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Press Room


Ferdinand T. (Terry) Stent Elected Chair,
.Linda Lichtenberg Kaplan Elected Vice-Chair of the
Smithsonian American Art Museum Board of Commissioners

Contact: Smithsonian American Art Museum's Public Affairs Office AmericanArtinfo[at]
American Art's Web site:
Recorded information: (202) 633-8998

The Board of Regents of the Smithsonian Institution has confirmed the election of Ferdinand T. (Terry) Stent of Atlanta, Ga., as chair, and Linda Lichtenberg Kaplan of Washington, D.C., as vice-chair, of the Smithsonian American Art Museum Board of Commissioners, effective immediately.

The Board of Commissioners of the Smithsonian American Art Museum was established in 1921 as an advisory board for the museum. The twenty-four commissioners, whose terms are four years, meet twice a year in Washington to advise the director of the museum on matters of policy and programs and to review proposed major acquisitions.

"Terry Stent and Linda Kaplan are the perfect leadership team for our museum this year, which promises to be a watershed for the museum," said Elizabeth Broun, director of the Smithsonian American Art Museum. "While our historic home is undergoing a major repair and restoration, the museum is getting ready to mount a capital campaign for the museum and a new American Art Center and relocating its administrative staff, conservation laboratories, library, and art storage to the nearby Victor Building. In addition we have organized an unprecedented tour of over 500 of our masterpieces to seventy museums over the next three years. We have an ambitious agenda, and I am gratified that Terry and Linda will lend key support along the way."

Terry Stent has a distinguished record of public service and support of the arts. He has been a member of the Commission since 1998 and has served on the museum's Collections Committee. Stent retired as a captain of Delta Air Lines in 1997 after 27 years of service. Educated at Yale (AB) and Harvard (MBA), he joined the Navy in 1961, became a fighter pilot and flew 117 missions over North Vietnam. He was decorated with nine air medals during his tour of duty.

Terry and his wife, Margaret, collectors of 19th- and 20th-century art, have supported several exhibitions at the museum, including the "Art of the Gold Rush," and are major contributors to the capital campaign. In addition to his association with the museum, Stent serves as a board member of the High Museum of Art in Atlanta, Ga., and has been a member of the High Museum Fine Art Collectors Board since 1995.

"I am extremely honored to serve the Smithsonian American Art Museum in this capacity, and look forward to working with other members of the board," said Stent. "There are wonderful opportunities to enhance and strengthen the museum's programs while working with the commission of the National Portrait Gallery, with whom we share pride and passion in the depth and breadth of our collections. Together these museums represent the nation's American art epicenter."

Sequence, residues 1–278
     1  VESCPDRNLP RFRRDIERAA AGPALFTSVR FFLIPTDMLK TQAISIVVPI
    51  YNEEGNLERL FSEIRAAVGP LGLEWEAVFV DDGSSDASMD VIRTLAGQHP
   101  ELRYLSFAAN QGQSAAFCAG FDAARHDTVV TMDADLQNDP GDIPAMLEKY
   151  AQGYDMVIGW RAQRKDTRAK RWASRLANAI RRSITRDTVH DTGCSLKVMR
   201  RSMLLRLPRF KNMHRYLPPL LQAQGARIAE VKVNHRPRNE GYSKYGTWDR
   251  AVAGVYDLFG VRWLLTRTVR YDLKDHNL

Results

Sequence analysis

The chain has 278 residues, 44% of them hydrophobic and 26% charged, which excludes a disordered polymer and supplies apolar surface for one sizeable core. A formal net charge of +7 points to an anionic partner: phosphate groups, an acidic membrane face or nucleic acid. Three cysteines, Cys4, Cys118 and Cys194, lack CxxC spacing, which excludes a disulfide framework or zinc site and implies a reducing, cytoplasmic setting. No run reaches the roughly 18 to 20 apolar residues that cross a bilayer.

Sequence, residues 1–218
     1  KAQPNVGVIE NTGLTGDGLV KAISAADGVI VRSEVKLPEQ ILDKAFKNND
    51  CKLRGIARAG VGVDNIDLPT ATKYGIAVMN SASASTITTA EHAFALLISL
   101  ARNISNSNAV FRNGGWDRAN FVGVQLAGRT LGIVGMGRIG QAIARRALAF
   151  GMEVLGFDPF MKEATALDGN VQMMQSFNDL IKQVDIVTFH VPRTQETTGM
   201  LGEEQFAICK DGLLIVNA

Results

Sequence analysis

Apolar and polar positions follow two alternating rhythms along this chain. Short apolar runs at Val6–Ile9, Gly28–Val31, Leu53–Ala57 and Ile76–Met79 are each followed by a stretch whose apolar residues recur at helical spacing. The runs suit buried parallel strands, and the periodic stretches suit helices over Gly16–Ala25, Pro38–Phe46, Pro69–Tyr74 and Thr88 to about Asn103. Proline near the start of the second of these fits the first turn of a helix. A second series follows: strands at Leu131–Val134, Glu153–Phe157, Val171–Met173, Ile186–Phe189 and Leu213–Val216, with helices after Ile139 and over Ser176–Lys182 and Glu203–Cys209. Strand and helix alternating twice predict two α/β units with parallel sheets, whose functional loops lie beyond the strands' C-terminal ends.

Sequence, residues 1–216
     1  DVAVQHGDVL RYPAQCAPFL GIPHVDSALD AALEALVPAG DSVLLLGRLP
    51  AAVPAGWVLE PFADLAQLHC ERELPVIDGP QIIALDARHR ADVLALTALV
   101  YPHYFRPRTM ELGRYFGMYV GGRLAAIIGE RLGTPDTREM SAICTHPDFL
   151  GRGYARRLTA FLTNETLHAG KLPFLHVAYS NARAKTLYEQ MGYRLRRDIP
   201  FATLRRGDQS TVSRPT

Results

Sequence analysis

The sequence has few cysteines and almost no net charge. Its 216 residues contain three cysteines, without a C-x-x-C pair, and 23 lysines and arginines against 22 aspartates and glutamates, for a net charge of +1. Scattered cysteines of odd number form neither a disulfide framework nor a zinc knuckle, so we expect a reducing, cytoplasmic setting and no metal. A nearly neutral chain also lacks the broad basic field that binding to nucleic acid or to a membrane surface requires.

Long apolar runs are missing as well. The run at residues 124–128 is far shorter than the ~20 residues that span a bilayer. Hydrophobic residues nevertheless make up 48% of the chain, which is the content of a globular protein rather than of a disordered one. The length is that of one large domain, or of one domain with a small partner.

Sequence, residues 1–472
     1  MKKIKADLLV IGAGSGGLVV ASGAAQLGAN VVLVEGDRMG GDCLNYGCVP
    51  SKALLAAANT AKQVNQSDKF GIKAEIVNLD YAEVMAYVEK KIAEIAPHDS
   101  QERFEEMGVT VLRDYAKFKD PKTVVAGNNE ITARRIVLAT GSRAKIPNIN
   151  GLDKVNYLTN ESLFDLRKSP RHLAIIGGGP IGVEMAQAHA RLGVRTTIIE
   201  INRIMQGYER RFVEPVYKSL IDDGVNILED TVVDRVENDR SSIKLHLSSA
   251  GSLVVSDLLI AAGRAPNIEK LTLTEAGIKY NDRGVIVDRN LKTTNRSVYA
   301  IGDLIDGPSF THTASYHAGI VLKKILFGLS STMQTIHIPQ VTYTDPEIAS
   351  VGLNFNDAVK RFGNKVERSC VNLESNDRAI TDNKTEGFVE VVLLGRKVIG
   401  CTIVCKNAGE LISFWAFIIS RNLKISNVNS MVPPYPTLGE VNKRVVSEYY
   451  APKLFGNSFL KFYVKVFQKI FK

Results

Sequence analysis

Linda Lichtenberg Kaplan, a dedicated champion of the arts in the nation's capital, has served on the museum Commission since 1992. Educated at Boston University (BA), she is a Board Certified Appraiser of Fine Arts (ASA, AAA) specializing in 20th-century American art and is president of the Lichtenberg Family Foundation, which supports fine arts and health care.

In the late 1980s, Kaplan established an endowed fund to support the museum's program dedicated to contemporary art. She and her husband, Louis (Beau) Kaplan, collectors of American modernist art, have supported important museum exhibitions such as "Metropolitan Lives: The Ashcan Artists and Their New York," "Singular Impressions: The Monotype in America," and "Stuart Davis," as well as acquisitions, scholarly publications, and educational materials.

Stent and Kaplan succeed commissioners Richard J. Schwartz of Scarborough, N.Y., and Dr. Patricia Frost of Miami, Fla., who served as chair and vice-chair respectively.

The Smithsonian American Art Museum collection began with gifts of art donated to the federal government in 1829 and has evolved into the world's most important American art holdings with approximately 38,000 paintings, sculpture, prints, drawings, photographs, folk-art objects, and 20th-century crafts. While its main building, the Old Patent Office, closed on Jan. 3, 2000, for renovations estimated to take three years, the museum is continuing a full program of craft exhibitions at its Renwick Gallery, located on Pennsylvania Avenue at 17th Street, N.W., Washington, D.C. For information about Renwick Gallery activities, call Smithsonian Information at (202) 357-2700. Please visit the museum's award-winning Web site at